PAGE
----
Miguel Fisac Serna, born in 1913 in Daimiel, Ciudad Real and died in 2006 in Madrid. He was an essential figure in Spanish architecture in the second half of the twentieth century. He enrolled at the School of Architecture in Madrid, and after hectic studies interrupted by the civil war, in 1942 he graduated with the end of his career award from the Royal Academy of Fine Arts of San Fernando.
He was always interested in vernacular architecture. In addition, he was inspired by the Nordic organicism of Gunnar Asplund's work that together with Frank Lloyd Wright will influence his concept of architecture.
His first project was commissioned by the CSIC; He transformed the old auditorium of the "Colina de los Chopos" in Madrid in the Capilla del Espíritu Santo.
Miguel Fisac in his career projected numerous religious works. Its ecclesial production stands out for the personal interpretation of religious aesthetics, the use of light and the spatial dynamism and poetics in its forms, with curved walls, converging and tensioned surfaces.
The Parroquia de Santa Ana in Madrid (1965) is considered one of the most important projects. Built in exposed concrete, it manifests an atmosphere of humble simplicity.
His architectural style evolved in relation to the new materials of the time. From abstract classicism, to brick, to the exclusive use of concrete. Fisac researched a lot about this material and patented his “bone beams”. Prefabricated pieces of prestressed concrete that allowed to obtain large lights and control lighting. In 1960 they were used for the first time, in the construction of the Centro de Estudios Hidrográficos in Madrid.
Later, he experimented with various techniques to give texture to concrete, including in his work a more emotional character. His dissatisfaction with the limits of traditional wooden formwork, led him to patent, in 1973, an innovative solution for the time: the "flexible formwork" that could be implemented in the Mupag Rehabilitation Center (Madrid) and in many others later works.
His activity was not reduced only to the field of construction, but his creative ability led him to write articles, books, and design furniture. He made exhibitions, also of art presenting 60 of his paintings in Madrid.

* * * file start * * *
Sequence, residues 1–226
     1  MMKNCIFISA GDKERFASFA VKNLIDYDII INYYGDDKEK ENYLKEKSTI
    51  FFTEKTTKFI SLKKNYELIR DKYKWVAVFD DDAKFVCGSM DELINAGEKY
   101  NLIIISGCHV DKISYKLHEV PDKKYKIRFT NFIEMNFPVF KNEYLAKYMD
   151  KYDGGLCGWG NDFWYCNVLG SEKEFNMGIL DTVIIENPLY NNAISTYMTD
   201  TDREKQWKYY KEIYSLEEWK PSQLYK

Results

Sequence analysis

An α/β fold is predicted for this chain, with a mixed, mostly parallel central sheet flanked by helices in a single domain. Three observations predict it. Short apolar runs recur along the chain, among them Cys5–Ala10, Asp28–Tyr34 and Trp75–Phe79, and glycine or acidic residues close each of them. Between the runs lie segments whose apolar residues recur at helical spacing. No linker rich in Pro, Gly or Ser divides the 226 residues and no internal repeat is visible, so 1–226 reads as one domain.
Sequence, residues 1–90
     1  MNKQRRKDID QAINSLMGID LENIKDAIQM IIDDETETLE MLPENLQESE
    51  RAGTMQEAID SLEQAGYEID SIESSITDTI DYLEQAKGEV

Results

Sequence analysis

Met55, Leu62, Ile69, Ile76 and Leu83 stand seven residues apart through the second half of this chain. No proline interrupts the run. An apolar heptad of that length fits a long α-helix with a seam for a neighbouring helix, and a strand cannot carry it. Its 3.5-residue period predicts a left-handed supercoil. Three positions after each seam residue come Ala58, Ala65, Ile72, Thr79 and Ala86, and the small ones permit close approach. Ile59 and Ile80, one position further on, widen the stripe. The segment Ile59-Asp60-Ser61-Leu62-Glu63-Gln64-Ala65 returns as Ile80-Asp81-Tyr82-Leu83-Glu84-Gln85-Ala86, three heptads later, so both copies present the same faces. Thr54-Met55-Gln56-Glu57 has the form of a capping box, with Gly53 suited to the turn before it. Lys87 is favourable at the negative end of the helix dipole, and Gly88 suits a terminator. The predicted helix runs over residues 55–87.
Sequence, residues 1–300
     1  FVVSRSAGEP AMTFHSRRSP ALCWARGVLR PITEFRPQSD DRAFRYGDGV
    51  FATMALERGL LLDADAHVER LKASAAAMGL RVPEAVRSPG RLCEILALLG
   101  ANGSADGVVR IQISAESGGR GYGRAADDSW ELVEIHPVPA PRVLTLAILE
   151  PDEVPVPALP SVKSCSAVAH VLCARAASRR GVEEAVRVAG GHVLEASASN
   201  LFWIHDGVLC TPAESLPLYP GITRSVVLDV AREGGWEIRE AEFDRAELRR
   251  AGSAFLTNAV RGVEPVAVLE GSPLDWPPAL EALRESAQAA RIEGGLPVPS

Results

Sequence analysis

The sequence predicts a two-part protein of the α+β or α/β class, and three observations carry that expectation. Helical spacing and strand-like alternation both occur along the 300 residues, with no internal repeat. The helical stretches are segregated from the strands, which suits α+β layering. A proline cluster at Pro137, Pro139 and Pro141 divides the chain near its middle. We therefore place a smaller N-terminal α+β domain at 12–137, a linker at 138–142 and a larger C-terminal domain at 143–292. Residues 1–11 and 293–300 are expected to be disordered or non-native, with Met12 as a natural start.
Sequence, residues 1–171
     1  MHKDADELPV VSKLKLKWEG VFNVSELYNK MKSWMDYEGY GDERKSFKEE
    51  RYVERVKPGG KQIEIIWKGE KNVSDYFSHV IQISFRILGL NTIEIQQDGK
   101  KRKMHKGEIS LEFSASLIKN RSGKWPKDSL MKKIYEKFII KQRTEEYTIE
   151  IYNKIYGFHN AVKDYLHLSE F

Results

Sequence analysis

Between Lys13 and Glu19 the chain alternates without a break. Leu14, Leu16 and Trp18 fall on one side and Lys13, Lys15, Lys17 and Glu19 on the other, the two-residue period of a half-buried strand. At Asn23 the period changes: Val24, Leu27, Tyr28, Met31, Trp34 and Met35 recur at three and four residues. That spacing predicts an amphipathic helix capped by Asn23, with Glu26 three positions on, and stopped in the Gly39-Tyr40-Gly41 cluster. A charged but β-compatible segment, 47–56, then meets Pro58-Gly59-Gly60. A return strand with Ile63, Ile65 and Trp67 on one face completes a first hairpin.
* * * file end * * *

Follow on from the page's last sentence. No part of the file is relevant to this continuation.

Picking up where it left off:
Miguel Fisac built more than 350 projects, including the emblematic "Pagoda" in Madrid, which unfortunately was demolished in 1999. On the contrary, many of his works are protected and cataloged. Some examples are the Church of Pumarejo de Tera (Zamora), the Church of the Apostolic College of the Dominican Fathers (Valladolid), and in Madrid works such as the Parish Center of Santa María Magdalena (1966) or the IBM Building (1967).
All these activities culminate with the obtaining in 1994 of the Gold Medal of Architecture, and three years after the Antonio Camuñas Prize. In 2002 he received the National Architecture Award. Since 2006, the College of Architects of Ciudad Real manages the Fisac Foundation that is responsible for cataloging all documentation, as well as promoting and safeguarding the work of the Spanish architect, urban planner and painter.
- Madrid, Best Architecture Guide. 20 emblematic buildings of the city of Madrid (I)
- 10 prayer centres whose spaces transport you to another level
- Poured Architecture: Sergio Prego on Miguel Fisac in Chicago
- Parochial Set of Nuestra Señora Flor del Carmelo by Miguel Fisac
- Miguel Fisac. Photographs
- Parochial Set of Saint Ana and The Hope in Moratalaz, Madrid, by Miguel Fisac
- The San Pedro Mártir Theologate Set of the Dominican Fathers by Miguel Fisac
- Hydrographic Studies Center by Miguel Fisac
- Opening: Miguel Fisac y Alejandro de la Sota. Mirada en Paralelo. [II]
- Miguel Fisac y Alejandro de la Sota: Mirada en Paralelo